The Court of Appeal recently held in Armchair Answercall Ltd v People in Mind Ltd that a contract for services assisting with the transition to a new franchise model was not frustrated despite all of the franchisees claiming that their franchise agreements with the franchisor were void, terminated or both.
Kendlebell Ltd (Kendlebell), a franchisor, ran a franchise business which offered telephone answering services through its franchisees. Kendlebell provided the brand, knowhow, hardware, software and an operations manual. The franchisees provided premises, equipment, call handlers and invoicing of customers.
Kendlebell wished to change the business model to centralise and outsource the provision of the telephone answering services then being offered by its franchisees to Armchair Answercall Limited (AA). To this end, Kendlebell entered into a services agreement with AA under which AA was to take over the management of Kendlebell’s business and provide the call handlers and invoicing of customers rather than the franchisees. Tthe franchisees would, in effect, become sales branches for the services now being carried out by AA.
AA entered into an agreement with an initial term of 12 months with People in Mind Limited (PIM) which was in effect a nominee for Stephen Beasley who had previously been involved with Kendlebell under various positions including managing director. Under the contractor agreement, PIM was to provide advice on Kendlebell’s history and franchisee recruitment and support in understanding for the transition to the New Method. PIM was also to make themselves available to AA to perform the services at such times as agreed between the parties.
Many franchisees were concerned about the change in the business model. Correspondence was exchanged between the franchisees and AA in which AA was “to a degree confrontational” and set out concerns and disappointments with some of the franchisees.
A solicitor’s letter was sent to AA on behalf of the franchisees on 28 September 2011 complaining about lack of proper information about the new arrangements and that the franchise agreements were void and unenforceable under EC law. One of the franchisees then emailed Kendlebell on 5 October 2011 claiming that the franchise agreements were (with one exception) null and void because they prohibited the franchisee from having independent websites. The email also claimed that Kendlebell was in repudiatory breach of the agreements as a result of its arrangements with AA.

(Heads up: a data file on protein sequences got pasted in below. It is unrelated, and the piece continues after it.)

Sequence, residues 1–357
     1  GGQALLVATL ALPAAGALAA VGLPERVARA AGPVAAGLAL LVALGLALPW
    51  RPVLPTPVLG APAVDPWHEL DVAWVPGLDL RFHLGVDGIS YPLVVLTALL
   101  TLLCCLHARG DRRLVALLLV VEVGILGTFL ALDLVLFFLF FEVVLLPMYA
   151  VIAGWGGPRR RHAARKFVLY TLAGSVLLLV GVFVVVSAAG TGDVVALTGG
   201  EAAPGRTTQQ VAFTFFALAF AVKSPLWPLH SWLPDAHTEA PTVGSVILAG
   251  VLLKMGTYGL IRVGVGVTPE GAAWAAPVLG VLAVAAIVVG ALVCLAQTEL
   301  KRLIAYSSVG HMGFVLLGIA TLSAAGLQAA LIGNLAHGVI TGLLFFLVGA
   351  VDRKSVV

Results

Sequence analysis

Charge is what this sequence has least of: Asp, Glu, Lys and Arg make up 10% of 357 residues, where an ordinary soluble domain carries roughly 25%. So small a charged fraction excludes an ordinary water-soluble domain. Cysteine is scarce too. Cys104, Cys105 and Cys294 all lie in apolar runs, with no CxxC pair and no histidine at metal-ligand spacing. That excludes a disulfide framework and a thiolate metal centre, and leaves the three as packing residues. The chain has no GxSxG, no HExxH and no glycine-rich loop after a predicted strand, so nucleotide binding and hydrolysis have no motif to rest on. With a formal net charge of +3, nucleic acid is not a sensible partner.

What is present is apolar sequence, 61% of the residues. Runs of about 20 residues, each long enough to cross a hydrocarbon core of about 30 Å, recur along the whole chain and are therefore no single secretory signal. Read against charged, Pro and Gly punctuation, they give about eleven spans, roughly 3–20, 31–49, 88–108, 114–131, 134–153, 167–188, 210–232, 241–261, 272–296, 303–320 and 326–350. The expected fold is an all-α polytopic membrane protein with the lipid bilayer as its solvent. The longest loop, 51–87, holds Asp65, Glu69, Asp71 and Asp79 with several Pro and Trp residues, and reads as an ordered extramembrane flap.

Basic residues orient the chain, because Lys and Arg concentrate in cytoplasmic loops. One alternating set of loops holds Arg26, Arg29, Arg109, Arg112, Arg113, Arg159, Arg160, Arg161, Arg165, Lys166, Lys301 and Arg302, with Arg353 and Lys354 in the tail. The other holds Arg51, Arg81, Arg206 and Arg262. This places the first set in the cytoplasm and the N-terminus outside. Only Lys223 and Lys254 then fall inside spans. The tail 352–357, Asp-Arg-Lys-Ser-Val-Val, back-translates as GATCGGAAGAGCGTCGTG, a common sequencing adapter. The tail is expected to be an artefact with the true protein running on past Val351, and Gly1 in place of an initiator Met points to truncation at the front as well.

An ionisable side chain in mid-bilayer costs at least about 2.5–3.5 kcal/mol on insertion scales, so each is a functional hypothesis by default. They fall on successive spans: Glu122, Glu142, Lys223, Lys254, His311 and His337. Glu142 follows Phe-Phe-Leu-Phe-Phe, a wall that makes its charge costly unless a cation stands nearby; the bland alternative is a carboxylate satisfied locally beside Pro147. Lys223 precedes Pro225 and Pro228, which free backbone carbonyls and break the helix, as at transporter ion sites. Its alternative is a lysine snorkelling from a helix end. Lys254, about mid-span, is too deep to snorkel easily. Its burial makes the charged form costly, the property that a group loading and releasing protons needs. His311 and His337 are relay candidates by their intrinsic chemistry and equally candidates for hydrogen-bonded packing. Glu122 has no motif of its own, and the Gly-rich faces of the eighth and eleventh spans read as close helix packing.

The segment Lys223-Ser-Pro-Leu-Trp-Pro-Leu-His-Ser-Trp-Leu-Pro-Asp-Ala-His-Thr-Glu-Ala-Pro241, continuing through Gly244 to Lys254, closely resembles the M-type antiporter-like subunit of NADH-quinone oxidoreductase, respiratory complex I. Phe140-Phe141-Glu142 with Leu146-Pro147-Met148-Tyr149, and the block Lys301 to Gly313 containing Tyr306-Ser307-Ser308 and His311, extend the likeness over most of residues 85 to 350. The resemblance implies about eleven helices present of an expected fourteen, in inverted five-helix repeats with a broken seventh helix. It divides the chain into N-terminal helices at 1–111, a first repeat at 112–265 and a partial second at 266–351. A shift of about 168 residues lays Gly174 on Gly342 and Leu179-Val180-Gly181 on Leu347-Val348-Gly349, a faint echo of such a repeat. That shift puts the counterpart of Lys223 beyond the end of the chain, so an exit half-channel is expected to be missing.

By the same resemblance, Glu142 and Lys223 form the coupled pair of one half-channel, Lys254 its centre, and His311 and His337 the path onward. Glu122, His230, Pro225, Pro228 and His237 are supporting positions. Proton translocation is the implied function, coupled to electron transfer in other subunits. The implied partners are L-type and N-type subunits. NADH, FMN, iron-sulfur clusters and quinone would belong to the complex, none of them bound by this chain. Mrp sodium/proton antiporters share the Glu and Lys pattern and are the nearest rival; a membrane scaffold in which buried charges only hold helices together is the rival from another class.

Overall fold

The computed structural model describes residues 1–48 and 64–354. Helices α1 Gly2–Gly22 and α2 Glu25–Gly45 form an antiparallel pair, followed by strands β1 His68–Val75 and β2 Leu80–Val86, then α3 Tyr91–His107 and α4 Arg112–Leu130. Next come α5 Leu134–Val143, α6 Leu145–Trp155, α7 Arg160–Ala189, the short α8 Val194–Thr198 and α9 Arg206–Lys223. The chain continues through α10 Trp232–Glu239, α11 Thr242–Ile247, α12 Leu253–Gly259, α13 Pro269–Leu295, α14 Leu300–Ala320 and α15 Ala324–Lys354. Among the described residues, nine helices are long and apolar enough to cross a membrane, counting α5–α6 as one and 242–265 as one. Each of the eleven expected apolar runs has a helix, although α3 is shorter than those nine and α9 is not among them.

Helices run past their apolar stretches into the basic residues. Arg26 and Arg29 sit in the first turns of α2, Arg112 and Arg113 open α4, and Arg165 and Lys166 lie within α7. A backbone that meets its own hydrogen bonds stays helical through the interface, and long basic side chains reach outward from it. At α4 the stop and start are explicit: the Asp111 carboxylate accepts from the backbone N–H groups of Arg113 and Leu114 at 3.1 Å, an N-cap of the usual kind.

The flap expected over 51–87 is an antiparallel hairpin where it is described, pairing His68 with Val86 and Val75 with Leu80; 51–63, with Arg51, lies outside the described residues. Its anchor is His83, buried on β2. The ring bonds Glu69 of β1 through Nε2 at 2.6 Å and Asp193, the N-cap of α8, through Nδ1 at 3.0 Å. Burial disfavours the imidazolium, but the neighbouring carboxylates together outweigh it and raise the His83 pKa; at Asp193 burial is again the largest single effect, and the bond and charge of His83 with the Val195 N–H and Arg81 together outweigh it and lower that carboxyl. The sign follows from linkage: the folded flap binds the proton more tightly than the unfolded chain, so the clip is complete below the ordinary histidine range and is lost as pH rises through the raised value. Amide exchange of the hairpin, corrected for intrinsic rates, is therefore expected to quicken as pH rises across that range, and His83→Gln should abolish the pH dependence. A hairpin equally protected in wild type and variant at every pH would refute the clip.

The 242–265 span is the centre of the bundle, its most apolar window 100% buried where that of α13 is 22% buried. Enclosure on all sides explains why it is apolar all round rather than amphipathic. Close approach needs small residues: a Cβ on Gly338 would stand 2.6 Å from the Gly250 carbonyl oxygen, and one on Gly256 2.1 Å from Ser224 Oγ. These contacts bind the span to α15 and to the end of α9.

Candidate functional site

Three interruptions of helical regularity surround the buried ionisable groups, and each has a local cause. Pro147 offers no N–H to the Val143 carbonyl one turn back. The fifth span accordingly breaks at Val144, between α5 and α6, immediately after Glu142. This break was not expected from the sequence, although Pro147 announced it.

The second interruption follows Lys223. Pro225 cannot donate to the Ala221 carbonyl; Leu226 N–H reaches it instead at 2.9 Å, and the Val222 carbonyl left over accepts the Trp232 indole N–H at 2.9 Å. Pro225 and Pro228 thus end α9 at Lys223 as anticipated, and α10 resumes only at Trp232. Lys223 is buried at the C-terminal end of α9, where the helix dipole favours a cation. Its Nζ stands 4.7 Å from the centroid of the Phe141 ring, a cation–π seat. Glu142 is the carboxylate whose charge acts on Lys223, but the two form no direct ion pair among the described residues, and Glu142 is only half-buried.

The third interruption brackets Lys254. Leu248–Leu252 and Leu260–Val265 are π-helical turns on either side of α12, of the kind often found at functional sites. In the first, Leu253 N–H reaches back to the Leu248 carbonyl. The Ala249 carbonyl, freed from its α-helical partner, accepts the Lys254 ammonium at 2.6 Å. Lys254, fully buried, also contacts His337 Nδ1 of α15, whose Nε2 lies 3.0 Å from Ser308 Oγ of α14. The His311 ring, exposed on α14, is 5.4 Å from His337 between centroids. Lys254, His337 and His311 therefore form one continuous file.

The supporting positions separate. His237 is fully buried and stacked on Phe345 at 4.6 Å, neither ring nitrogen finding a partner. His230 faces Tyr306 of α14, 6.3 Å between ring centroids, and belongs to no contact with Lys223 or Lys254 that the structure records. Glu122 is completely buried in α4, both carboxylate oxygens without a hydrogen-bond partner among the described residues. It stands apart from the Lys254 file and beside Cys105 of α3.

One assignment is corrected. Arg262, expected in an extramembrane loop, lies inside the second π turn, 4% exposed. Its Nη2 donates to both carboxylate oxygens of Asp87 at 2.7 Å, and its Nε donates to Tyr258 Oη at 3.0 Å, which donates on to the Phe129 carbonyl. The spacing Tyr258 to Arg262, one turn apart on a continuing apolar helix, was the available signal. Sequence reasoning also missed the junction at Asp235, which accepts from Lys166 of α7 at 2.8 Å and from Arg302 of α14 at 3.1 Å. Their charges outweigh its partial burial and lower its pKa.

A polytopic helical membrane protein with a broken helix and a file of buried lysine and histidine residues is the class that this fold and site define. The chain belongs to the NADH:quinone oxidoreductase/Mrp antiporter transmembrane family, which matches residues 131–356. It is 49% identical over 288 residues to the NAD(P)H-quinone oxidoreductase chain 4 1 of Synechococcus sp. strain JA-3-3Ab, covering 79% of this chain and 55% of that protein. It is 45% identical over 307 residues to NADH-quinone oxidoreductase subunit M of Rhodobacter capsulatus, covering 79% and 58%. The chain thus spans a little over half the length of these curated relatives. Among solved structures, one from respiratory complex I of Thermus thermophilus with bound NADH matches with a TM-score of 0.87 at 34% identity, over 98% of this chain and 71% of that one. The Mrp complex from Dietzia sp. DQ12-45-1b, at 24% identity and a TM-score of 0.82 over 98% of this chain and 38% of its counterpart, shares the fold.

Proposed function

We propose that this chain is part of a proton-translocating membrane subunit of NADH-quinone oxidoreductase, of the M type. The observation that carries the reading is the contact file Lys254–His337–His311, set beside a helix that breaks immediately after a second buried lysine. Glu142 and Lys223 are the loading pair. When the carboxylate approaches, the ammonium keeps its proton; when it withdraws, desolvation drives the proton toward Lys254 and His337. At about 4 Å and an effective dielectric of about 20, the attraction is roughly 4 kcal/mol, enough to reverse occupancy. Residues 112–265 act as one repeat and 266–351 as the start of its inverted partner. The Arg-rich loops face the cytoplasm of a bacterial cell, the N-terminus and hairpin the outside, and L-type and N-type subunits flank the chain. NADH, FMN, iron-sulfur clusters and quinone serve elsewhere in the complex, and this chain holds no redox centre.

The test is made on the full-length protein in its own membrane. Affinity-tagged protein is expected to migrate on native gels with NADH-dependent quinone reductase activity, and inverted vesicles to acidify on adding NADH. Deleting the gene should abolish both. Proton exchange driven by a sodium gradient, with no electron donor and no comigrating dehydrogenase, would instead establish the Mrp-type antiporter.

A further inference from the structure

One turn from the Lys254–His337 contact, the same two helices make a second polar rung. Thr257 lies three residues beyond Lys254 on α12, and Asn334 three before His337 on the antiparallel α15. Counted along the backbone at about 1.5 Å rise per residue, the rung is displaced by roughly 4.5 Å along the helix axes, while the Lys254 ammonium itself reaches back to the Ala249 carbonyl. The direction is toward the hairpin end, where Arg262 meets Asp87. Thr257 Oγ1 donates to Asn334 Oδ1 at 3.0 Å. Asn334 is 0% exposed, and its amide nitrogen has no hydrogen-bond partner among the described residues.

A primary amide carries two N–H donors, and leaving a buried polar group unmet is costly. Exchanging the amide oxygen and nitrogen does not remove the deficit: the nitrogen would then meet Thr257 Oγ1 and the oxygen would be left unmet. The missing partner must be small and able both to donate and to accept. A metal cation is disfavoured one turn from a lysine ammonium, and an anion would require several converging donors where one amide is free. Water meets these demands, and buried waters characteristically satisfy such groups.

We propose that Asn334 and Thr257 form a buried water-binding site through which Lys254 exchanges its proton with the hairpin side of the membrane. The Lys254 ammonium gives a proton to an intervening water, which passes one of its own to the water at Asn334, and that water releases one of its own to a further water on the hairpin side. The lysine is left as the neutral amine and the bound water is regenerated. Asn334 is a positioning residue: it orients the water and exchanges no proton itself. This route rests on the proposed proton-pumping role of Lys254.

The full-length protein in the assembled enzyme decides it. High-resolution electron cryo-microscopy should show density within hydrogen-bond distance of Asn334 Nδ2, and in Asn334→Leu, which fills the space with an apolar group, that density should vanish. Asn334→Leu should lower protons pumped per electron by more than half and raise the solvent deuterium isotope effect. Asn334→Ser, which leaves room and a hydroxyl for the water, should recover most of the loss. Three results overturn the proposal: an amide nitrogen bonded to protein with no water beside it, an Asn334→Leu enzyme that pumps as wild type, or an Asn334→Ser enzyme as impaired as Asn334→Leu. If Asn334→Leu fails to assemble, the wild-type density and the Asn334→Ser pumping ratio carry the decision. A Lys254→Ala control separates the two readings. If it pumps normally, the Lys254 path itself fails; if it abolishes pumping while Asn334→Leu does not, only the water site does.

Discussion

On 6 October 2011, Kendlebell served breach notices on the franchisees and on 20 October 2011 terminated the franchise agreements. Deeds of Termination and Release were executed between 19 December and January 2012.
Some months later, in February and March 2012, the directors of AA emailed Mr Beasley of PIM to say that the purpose of the agreement had terminated as there were no longer relevant services which could be provided and the contractor agreement had been frustrated by the course of events so they suggested it should terminate on 16 March 2012.
On 3 October 2012 PIM brought proceedings to recover the monthly payments due under the contractor agreement. The AA claimed that the contractor agreement had been frustrated on or by 5 October 2012. In court, counsel for AA claimed the contractor agreement had been frustrated by the franchisees rejection of the new business model in their email of 5 October 2011.
The Court of Appeal held that the contractor agreement had not been frustrated.
Examining the authorities, the court referred to the test for frustration as follows: an event must supervene that “so significantly changes the nature (not merely the expense or onerousness) of the outstanding contractual rights and/or obligations from what the parties could reasonably have contemplated at the time of its execution” that it would unjust to hold them to the contract and they are discharged from performance. The extent to which the event was foreseeable was also significant.
The court found that the services to be provided by PIM to the AA relating to the transition covered not just persuading franchisees of the benefits of the new model but also securing new business from new customers, which were not necessarily to be via existing franchisees. There were, therefore, still services to be provided under the contractor agreement. Additionally, both parties knew that the franchisees might have objections to the new business model and AA played a role in the franchisees’ rejection of this and the termination of their franchise agreements. Therefore, the franchisees’ rejection of the new business model was not a supervening outside event which the parties could not reasonably have foreseen.
Further, whilst whether a particular event is frustrated is a matter of law, the court found that the parties’ actions after the event may be a ‘pointer’ as to whether the event was a frustrating one. The delay of five months before the AA treated the contractor agreement as frustrated was noted by the court as being consistent with its conclusion that the contractor agreement had not been frustrated.
This case serves as a useful reminder that frustration cannot be easily relied on to get a party out of a bad bargain. During the course of a contract, circumstances surrounding the contract may change but this does not necessarily mean that a contract is frustrated under law. In order for a contract to be frustrated, an outside event must occur which the parties could not reasonably have foreseen. Businesses should therefore consider the various circumstances that could arise during a contract and make sure that they are willing to comply with their obligations under the contract in any of these circumstances. Additionally, businesses should ensure that any contracts that they enter into are well drafted and give them appropriate contractual rights and remedies.